Delta variant of COVID-19 explained: how the virus changes to spread faster

Published: Jul. 23, 2021 at 5:05 PM CDT
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WAUSAU, Wis. (WSAW) - We’re learning more about how the Delta Variant of COVID-19 is different and what makes it more contagious. This after weeks of health experts warning of the new, more dangerous variant on the rise, particularly in parts of the country with low vaccination rates.

Health leaders at Aspirus are treating all COVID patients as though they have the more contagious variant, based on data from the Wisconsin Department of Health Services. I asked him to explain how ‘Delta’ is different, and the answer has to do with how much virus is in one droplet.

“I’m usually tasked with setting up, for example, guidelines for treatment, looking at what should we use, what shouldn’t we use,” explained Tristan O’Driscoll, PharmD, an infectious disease pharmacist who has treated many COVID-19 patients at Aspirus.

He explains that viruses try to put on a costume to be unrecognizable to the body. COVID-19 does that by disguising the outer structures seen jutting out from the center of the virus, called spike proteins.

“A change in that spike protein, that’s going to evade our immune system. It won’t recognize it. If it can evade our immune system, now it can copy itself,” he explained.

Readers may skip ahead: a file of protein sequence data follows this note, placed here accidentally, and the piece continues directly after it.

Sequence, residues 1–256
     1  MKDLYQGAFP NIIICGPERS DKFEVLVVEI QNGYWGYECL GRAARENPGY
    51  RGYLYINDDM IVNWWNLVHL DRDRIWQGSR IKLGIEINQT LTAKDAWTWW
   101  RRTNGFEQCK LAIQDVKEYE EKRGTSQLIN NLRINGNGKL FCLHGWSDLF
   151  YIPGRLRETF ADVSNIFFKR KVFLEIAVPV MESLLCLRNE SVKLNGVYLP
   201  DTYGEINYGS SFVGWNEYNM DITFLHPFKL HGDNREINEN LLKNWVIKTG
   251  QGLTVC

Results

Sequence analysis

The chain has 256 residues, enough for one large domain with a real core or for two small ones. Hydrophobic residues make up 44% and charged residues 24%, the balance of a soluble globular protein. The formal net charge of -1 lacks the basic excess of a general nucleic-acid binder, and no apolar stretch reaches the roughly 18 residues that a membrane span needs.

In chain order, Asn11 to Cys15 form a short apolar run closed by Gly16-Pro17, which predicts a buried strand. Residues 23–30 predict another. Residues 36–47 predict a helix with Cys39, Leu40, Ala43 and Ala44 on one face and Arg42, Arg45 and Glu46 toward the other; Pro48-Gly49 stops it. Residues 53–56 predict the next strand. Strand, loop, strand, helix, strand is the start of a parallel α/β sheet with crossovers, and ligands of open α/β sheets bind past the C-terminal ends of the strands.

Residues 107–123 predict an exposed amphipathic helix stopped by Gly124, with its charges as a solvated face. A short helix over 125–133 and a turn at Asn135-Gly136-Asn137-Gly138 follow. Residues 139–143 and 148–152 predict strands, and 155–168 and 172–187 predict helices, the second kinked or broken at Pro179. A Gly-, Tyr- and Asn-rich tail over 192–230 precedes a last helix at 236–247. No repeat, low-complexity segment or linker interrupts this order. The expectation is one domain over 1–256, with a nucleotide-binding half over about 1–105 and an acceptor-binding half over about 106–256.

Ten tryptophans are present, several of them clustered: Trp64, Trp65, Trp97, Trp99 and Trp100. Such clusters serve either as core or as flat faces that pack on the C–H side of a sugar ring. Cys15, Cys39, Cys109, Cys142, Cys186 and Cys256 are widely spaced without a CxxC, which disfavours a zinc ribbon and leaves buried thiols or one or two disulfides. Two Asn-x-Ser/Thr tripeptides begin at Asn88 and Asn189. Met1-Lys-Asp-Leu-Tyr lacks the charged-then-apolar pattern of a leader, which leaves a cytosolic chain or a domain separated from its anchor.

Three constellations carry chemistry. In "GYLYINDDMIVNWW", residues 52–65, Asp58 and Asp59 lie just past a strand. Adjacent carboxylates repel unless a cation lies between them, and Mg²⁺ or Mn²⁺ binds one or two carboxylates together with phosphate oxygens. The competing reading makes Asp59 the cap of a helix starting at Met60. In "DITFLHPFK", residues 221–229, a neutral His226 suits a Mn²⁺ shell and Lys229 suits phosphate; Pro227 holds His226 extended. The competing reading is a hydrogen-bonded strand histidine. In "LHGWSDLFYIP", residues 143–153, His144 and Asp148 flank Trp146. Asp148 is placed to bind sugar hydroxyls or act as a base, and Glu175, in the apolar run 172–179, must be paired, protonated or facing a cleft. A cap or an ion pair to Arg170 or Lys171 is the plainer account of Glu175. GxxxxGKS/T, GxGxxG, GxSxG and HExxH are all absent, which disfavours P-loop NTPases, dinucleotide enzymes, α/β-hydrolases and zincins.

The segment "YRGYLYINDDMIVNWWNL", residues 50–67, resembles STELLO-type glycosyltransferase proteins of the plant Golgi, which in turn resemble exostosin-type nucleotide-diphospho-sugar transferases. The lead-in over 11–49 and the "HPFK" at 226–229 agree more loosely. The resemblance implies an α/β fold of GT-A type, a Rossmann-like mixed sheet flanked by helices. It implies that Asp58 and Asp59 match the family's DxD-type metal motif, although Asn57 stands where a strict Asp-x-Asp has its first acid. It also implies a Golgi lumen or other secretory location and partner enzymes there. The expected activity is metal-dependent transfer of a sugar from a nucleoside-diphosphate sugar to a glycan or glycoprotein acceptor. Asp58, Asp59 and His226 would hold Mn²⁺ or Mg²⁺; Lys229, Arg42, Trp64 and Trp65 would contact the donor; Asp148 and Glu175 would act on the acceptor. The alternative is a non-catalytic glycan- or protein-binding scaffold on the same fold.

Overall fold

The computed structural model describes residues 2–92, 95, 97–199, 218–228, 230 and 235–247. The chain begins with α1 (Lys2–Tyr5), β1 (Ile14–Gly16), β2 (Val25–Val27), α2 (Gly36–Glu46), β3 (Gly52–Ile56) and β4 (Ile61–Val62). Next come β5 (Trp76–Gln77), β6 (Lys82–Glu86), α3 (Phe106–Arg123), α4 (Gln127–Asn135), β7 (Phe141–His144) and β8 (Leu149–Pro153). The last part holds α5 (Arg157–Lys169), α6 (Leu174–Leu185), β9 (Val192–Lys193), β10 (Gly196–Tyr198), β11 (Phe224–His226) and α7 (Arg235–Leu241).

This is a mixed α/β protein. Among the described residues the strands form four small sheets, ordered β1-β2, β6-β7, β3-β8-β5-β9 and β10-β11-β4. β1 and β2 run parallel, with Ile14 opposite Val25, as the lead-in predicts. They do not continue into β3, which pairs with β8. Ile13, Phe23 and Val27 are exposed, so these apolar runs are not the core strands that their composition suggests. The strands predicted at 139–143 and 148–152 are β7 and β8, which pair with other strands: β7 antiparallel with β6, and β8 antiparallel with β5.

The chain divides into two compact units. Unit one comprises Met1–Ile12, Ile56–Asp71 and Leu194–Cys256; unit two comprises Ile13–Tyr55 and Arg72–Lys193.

Making copies of itself is the virus’ goal. The Delta variant has figured out how to make more copies, faster in a single droplet.

“So only a few days after, you’re seeing these viral copies come out in those droplets that can be spread, and you’re also seeing much higher levels of the virus in those droplets,” O’Driscoll explained.

That’s why the Delta variant is considered a more contagious, intense version of the COVID-19 we saw spreading since the beginning of the pandemic.

“It’s able to spread so quickly and kind of catch us off guard and spread without people knowing,” he said.

But O’Driscoll says no matter which costume the virus puts on, only the vaccine offers some protection against all of them, whereas immunity to one variant means nothing if the body is trying to fight another kind.

“Natural immunity is not going to be as good because your body used to seeing a different spike protein, a different virus,” he said. “People are kind of assuming that, I had it before so I’m good. Which we have seen the vaccines are providing much better and longer-lasting immunity, but as soon as that virus changes, your body is used to seeing a different form of it, and so absolutely that previous exposure is not going to protect you.”

The antibody cocktails and antiviral treatments used to treat COVID-19, given the same ‘emergency use authorization’ from the Food and Drug Administration as the vaccines, still target the disguised virus.

“We’re still maintaining the ability to treat these patients, although very limited—but the stuff we’re using is still working,” he said.

He says they’re constantly evaluated and taken out of practice if they show weaker effectiveness in treating the Delta variant.

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